Storing Foods to Avoid Waste

Spoilage is sometimes hard to avoid. Food might not be as fresh as you think when you buy it, or it could get forgotten at the back of the fridge or cupboard. Pantry items can suffer this fate, but produce is usually the bigger concern. Proper storage can help delay the inevitable degradation of food and reduce food waste. 

One of my first pieces of advice: make a habit of checking on your produce regularly. That might sound a little strange, and I’m not talking about anything too obsessive, but be mindful of what you’ve purchased and how long it might last. Here are some examples of what I’m talking about: 

  • If you have a couple of mangos in your fruit basket, check them every now and then to see how they’re holding up. If they’re starting to soften, stick them in the fridge to keep them fresh longer. (Same with avocados and pineapple.) 
  • Fresh berries in the fridge? Check their condition and if they are starting to degrade, freeze them or use them up in a smoothie.
  • Apples can be particularly problematic depending on the time of year they’re purchased. They can look great at the store, seen through their shiny cellophane bag or stacked in their little baskets in the fall, but sometimes you get them home and find they are not as fresh as you thought or are turning mealy fast. Check them and if they feel soft or look bruised, make a plan for using them in applesauce or desserts. 
  • Citrus is another tricky one. Like the mangos I mentioned above, you can transfer citrus to the fridge to extend its life. I also highly recommend a juicer–the old-fashioned kind that you use to squeeze out the juice by hand. When citrus starts to degrade, juice it. Drink sweeter citrus juice on its own or use it in smoothies. Uset tart citrus like lime or lemon to flavour water or in salad dressings or sauces like pico de gallo or tzatziki. Or, if you are a baker, make a lemon loaf that uses the rind and the juice.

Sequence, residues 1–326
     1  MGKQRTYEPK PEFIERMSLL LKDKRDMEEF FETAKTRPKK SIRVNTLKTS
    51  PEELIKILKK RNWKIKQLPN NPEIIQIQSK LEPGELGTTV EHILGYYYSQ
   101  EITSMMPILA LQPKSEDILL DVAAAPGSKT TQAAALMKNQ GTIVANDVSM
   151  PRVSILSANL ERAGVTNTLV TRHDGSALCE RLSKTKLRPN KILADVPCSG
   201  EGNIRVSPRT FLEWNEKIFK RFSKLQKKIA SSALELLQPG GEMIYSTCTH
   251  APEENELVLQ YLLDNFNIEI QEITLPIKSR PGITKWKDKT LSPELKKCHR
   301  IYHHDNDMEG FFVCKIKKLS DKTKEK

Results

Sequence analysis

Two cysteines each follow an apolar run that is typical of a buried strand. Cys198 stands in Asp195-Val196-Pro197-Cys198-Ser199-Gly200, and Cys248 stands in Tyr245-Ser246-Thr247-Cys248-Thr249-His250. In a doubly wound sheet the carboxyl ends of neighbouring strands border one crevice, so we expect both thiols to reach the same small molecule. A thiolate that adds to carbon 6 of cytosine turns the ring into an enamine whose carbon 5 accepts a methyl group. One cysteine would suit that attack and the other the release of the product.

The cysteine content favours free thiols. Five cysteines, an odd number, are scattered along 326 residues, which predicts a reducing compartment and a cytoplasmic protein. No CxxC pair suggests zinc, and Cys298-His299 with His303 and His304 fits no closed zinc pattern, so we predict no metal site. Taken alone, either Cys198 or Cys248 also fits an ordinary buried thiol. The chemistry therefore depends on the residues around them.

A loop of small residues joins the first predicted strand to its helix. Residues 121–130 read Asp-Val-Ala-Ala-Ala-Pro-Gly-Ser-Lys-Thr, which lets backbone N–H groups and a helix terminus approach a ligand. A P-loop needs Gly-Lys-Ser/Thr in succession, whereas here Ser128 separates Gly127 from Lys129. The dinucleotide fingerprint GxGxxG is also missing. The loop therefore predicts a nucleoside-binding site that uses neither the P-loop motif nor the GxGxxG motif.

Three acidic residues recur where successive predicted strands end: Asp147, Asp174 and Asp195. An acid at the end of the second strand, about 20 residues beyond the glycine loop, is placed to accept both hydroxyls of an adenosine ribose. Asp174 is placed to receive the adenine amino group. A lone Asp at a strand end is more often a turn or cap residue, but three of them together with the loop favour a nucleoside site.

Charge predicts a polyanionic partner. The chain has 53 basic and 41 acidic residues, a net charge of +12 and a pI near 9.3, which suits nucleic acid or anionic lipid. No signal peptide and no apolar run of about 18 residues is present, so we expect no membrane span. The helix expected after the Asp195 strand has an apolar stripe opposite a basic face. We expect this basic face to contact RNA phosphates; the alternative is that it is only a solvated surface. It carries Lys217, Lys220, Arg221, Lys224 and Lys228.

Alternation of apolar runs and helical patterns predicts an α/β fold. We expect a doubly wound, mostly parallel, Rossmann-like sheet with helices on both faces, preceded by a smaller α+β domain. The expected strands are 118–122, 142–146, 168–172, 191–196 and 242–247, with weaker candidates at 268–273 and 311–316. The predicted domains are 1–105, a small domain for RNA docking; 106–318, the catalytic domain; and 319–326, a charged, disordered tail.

Some other standard food storage tips:

  • As mentioned above, some fruits are best kept at room temperature, but once they start to ripen, put them in the fridge to slow the process and prevent them from over-ripening. 
  • Cut the tops off root vegetables like carrots and beets to extend their life. The tops draw moisture from the vegetable and cause it to dry out faster. 
  • We wrap some vegetables in foil to keep them fresh longer, but the jury is definitely out on this method. If you do a Google search, you’ll find a few proponents for this method and just as many that say plastic rules. (I’m talking about the fridge here. Storing room temperature fruit and vegetables in plastic will hasten their demise.)  
  • We also wrap our green onions in foil, but I just read that they should be stored upright with their roots in water at room temperature. Same goes for cilantro and parsley. The more you know. 

And since there is plenty that I don’t know about individual fruits and vegetables, I will turn you over to others who have more expertise than me. Here are a few articles that I found helpful for learning how best to store fruits and vegetables.

As for those pantry items I mentioned off the top, take the time to store them properly. Close the plastic bags inside a cracker or cereal box with a binder clip or elastic band. If you have the space and budget, transfer cereal to plastic containers. In our house, we go through phases with cereal, sometimes eating a lot and then very little. Plastic storage helps prevent staleness in cereal that sits for a while.

Jars image:  73905136 © Gmm2000 |

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